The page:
Rick Belden isn’t scared of the feeling of pain. He’s just scared he’ll actually have to express it.
The subject of my poem “falling through” is grief, or more to the point, my fear of feeling and expressing my grief. Actually, fear is much too mild a word for what I feel when I get close to my grief, sadness, and pain. A far more accurate word would be terror.
The source of this terror is not a mystery. I clearly remember the words I heard countless times as a child: Stop crying or I’ll give you something to cry about. This was not an idle threat, as I had the great misfortune to discover many times when I was unable to “control myself” in time to avoid the consequences of my own tears. Crying only brought more pain. Tears only meant more tears. Any open expression of grief, sadness, and pain was a potential threat to my very existence, and over time I learned to hold those feelings tight, deep inside myself, to survive.
This conditioning against explicit expressions of grief and sadness didn’t end with home and family. It continued in school, with teachers and coaches, on the playground, and with friends. Like every other boy, I knew that crying was the worst sin I could commit in public. On those few occasions when I was unable to avoid doing it, the shame, the isolation, and the horror I felt were beyond words.
By the time I was into my teens, I pretty much had the crying thing well under control. It just didn’t happen anymore, not around others and not when I was alone either. But I still had one more defining experience ahead of me.
When I was almost 23, I was going through a very long and difficult breakup with my first girlfriend. We’d moved across the country together when I was 19, from New York to Texas, and lived together for several years, but now we were each living in our own places for the first time, and I was finding it very difficult.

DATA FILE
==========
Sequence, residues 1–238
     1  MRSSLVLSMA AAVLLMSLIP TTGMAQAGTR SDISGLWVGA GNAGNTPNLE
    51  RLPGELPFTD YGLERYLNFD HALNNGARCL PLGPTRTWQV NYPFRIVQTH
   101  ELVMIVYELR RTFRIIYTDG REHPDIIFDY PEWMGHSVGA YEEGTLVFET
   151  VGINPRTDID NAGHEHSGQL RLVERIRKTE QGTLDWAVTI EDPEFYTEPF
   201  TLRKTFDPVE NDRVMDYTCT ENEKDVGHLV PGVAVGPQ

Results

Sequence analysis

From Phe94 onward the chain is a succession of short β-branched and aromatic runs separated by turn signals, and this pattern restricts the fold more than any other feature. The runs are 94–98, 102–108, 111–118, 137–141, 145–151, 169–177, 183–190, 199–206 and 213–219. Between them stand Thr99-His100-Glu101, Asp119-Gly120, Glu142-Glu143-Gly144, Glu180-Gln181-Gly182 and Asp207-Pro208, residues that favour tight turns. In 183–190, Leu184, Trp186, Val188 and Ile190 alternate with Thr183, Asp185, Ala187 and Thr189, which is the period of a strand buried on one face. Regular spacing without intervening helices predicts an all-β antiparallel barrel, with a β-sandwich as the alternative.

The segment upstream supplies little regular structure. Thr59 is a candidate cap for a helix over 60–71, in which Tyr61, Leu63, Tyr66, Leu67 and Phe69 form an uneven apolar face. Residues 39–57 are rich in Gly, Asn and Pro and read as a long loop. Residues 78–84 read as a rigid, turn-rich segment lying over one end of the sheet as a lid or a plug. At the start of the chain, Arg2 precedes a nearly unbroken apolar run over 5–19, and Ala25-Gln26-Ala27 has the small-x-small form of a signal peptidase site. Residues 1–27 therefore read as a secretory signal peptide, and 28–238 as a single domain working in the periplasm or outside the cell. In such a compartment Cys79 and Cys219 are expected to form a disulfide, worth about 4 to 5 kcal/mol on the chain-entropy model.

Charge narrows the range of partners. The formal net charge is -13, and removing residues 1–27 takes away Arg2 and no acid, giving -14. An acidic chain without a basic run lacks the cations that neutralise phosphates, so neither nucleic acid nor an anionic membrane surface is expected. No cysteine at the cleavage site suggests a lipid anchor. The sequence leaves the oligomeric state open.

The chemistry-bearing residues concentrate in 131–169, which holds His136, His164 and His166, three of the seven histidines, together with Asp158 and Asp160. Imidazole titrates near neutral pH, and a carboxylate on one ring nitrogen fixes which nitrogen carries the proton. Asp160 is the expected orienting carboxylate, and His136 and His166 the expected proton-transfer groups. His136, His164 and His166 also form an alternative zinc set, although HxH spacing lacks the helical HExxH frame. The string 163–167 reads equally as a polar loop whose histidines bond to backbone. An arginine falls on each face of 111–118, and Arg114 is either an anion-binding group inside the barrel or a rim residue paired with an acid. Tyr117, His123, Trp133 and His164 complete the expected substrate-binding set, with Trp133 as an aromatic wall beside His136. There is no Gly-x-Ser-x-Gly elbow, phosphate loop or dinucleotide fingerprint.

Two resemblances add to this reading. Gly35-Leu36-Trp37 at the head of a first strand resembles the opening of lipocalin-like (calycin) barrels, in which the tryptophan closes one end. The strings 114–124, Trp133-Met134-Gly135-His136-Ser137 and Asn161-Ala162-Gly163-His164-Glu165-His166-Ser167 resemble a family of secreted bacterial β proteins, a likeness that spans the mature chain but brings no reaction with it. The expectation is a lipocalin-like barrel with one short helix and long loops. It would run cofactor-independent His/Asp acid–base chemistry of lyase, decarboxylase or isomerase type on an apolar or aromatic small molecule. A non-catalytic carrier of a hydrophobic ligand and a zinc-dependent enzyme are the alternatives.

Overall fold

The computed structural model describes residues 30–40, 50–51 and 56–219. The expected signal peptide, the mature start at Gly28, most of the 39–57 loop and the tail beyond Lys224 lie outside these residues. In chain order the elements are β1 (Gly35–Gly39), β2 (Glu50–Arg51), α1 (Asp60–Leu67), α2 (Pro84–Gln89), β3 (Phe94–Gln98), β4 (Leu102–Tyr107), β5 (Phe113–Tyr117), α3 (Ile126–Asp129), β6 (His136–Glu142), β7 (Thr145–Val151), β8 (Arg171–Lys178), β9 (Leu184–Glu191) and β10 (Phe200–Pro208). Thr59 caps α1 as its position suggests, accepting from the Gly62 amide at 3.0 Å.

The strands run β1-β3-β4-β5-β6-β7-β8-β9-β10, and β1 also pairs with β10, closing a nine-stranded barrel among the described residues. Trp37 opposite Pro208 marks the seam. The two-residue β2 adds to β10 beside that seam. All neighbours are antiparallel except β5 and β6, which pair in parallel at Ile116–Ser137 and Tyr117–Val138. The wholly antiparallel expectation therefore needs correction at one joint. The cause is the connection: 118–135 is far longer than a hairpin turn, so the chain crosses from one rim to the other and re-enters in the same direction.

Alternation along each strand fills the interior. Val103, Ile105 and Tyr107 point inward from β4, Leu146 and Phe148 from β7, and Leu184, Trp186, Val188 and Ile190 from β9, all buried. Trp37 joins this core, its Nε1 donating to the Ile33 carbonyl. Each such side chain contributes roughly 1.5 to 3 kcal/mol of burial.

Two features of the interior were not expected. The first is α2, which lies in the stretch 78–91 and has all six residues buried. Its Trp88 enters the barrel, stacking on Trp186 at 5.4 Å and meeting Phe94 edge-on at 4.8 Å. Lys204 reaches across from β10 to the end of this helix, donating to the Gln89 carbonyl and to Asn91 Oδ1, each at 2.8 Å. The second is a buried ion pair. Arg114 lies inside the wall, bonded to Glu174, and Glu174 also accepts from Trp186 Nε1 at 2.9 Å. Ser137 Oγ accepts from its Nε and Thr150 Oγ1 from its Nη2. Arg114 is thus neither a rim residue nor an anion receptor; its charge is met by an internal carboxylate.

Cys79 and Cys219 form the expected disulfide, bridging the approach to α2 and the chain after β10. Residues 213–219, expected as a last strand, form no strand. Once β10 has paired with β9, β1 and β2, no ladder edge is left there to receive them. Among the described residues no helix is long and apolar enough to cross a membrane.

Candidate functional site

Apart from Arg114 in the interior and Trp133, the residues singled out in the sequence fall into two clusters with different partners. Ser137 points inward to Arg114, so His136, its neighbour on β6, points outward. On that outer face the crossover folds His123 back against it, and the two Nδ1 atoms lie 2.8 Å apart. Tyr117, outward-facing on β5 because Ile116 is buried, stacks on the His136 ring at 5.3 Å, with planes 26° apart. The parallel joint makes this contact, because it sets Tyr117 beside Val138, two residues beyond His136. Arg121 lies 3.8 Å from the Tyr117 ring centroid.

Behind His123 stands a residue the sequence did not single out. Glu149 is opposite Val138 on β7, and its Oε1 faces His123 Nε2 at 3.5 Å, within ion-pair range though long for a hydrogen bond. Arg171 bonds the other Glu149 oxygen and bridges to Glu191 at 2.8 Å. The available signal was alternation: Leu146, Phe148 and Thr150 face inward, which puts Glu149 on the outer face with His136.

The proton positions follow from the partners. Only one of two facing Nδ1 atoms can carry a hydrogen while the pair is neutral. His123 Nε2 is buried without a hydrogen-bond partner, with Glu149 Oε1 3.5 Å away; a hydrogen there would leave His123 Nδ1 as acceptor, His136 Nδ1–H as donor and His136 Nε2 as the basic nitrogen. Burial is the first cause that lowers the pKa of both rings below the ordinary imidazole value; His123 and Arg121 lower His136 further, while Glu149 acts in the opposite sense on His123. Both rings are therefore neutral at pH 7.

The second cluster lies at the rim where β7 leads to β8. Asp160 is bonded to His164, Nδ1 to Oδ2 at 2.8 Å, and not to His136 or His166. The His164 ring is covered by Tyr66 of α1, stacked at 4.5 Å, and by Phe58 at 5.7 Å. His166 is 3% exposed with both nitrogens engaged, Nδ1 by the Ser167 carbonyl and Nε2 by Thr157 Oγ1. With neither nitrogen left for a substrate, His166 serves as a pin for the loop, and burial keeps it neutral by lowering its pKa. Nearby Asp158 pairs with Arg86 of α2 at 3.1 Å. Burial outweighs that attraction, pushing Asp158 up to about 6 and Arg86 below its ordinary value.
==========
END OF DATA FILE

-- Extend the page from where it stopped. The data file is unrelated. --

One evening she came over to visit, and as we were talking, I began to cry. I’d never cried in front of her before, not even when she’d cheated on me, but this time I simply couldn’t help myself. I missed her, I was struggling with school and finances, and I was just so damn lonely. Her response was immediate: “If you don’t stop crying, I’m leaving.” The last thing I wanted in that moment was to be left all alone, so I buttoned right up. And I stayed buttoned up for years afterward.
Those were the lessons I learned about feeling and expressing grief and sadness. I learned that crying brings pain, punishment, violence, shame, rejection, isolation, and abandonment. I learned that crying only makes things worse. I learned to fear my own grief. I learned that tears can be like death.
Many years of hard personal work have shown me that allowing myself to feel and express my sadness and grief is a healthy and necessary part of being fully human. It is liberating. It’s completely natural. It’s cleansing. It brings peace and perspective. It is a source of great strength, an answer and an antidote to anger, and a door to forgiveness.
I’ve cried, wept, sobbed, moaned, and howled through tears many, many times, and it hasn’t killed me yet. To the contrary, I always feel much better, much freer, and much more present with myself afterward. And yet that deep conditioning I described still holds some sway over me. I’m still afraid to cry.
Sometimes that fear stops me and sometimes it doesn’t. As expressed in “falling through”, the key to accessing my grief and sadness, to moving it up and out, is always right here with me in my body. The challenge is to feel the energy below the surface and let it rise even as I am feeling my fear. Maybe someday my tears can come without having to struggle through all that fear. That is my hope.
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